The Sherlock Holmes type detective has become a common association with archaeology. Although the detective has been associated with other disciplines too […], the link with archaeology is nevertheless extremely close. As has often been pointed out […], both archaeology and (forensic) criminology draw, in parts, on seemingly incontrovertible material evidence, which is carefully documented and taken to provide significant clues as that what really had happened at the site under investigation (Holtorf 2007: 75-76).
Figure 1. Bredarör on Kivik around 1760 (Drawing by Beckanstedt, ATA/Stockholm) (after Goldhahn 2012).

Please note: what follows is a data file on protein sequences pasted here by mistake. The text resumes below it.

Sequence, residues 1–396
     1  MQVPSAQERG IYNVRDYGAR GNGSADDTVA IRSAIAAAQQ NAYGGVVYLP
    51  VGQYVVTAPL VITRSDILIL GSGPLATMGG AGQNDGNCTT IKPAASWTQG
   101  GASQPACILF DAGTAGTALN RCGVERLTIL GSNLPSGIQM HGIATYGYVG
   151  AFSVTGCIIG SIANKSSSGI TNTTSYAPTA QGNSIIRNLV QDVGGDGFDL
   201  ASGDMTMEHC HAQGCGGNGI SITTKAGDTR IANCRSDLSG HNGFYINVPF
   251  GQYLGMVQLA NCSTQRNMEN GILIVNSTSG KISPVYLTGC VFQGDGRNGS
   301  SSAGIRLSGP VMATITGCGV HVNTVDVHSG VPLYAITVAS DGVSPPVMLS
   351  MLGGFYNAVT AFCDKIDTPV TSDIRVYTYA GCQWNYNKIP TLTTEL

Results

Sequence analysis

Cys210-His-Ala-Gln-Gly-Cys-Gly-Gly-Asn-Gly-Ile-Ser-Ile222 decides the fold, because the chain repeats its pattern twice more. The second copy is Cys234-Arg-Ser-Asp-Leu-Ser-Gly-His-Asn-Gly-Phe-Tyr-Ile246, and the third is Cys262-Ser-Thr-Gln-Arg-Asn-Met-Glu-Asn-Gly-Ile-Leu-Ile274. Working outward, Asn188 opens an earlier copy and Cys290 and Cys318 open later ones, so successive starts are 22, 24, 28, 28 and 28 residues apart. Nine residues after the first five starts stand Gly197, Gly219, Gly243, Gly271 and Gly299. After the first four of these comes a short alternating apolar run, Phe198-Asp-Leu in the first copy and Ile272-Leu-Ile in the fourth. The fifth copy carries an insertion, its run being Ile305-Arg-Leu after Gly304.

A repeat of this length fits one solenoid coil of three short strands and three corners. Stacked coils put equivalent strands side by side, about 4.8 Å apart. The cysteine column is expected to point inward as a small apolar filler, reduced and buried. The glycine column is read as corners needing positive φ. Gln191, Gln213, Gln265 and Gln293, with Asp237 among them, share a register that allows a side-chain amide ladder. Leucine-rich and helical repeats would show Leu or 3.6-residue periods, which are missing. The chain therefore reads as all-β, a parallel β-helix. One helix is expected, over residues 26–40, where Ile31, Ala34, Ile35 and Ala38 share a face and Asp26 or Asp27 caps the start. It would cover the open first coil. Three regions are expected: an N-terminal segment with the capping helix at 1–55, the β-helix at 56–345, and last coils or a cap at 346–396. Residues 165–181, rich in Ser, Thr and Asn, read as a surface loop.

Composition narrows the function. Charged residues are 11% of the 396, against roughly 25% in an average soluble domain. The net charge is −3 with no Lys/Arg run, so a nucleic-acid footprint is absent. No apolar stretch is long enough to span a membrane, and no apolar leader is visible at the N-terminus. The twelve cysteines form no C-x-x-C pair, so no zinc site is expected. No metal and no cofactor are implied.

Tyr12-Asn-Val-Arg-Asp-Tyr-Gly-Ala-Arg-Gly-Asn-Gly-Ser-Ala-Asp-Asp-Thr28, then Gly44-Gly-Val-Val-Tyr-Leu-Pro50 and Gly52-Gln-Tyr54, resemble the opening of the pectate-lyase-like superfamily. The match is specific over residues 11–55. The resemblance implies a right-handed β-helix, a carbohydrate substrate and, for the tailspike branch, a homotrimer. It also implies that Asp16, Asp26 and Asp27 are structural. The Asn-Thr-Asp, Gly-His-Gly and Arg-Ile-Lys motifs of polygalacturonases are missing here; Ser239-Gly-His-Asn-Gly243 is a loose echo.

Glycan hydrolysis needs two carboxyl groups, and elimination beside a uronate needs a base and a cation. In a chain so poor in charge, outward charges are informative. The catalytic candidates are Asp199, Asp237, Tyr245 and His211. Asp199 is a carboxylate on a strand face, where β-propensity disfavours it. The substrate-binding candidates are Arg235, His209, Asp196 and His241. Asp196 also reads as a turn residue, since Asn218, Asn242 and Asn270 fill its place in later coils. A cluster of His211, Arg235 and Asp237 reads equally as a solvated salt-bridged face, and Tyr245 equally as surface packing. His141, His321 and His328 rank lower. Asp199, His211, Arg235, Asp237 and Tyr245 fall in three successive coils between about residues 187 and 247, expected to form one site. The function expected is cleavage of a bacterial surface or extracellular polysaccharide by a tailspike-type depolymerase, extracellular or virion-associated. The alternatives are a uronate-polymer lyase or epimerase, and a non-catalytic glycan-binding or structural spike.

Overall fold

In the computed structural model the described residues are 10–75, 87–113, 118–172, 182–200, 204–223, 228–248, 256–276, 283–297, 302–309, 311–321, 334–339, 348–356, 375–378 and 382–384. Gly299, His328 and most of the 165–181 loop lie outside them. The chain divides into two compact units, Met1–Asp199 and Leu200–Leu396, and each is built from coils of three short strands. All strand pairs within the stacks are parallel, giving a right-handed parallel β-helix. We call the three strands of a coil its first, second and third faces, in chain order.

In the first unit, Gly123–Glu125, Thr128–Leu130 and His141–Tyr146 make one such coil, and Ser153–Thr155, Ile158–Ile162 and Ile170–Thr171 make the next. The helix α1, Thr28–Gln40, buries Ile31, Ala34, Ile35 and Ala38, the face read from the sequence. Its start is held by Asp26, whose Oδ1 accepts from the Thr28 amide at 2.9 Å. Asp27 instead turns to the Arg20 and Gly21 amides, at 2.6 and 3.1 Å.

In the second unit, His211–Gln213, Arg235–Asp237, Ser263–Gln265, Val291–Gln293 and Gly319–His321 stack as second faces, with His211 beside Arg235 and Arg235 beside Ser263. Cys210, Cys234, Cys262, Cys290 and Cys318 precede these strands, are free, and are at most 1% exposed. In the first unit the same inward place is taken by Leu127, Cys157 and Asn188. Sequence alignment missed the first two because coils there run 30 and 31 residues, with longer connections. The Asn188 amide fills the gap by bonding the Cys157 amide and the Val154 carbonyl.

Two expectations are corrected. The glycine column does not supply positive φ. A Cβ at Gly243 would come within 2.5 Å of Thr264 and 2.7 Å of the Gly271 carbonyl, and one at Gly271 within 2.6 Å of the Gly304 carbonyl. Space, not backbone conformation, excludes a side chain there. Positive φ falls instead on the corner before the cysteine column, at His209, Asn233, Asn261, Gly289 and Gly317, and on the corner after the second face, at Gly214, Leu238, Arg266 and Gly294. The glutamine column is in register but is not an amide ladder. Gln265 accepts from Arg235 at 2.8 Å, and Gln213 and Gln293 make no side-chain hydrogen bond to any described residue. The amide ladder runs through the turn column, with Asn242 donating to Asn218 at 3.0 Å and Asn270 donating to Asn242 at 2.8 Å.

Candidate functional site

One of the archaeologists who looks closer at Sherlock Holmes’ logic and its usefulness in archaeology is Michael Shanks (1996: 37-41). The British archaeologist uses as a starting point of his discussion about Sherlock a quote from Arthur Conan Doyle’s The Golden Pince-Nez. It is rather a typical story how Sherlock Holmes by approaching details unseen to the others discovers the truth at the end. What is worth mentioning is the fact that Sherlock’s impressive logic is at work in the very first story about the great detective who lived at 221B Baker Street, A Study in Scarlet (Conan Doyle 2003). The reader is already shocked in the first chapter where Sherlock, only by a quick glance at John Watson, knows that he is a doctor of medicine, who was in Afghanistan, and was injured there, etc. John Watson explains in the next chapter how Sherlock was able to do it only by scrutinising details. This aspect of a Sherlockian thinking is emphasised by Shanks. The British archaeologist (Shanks 1996: 38) describes it in the following way: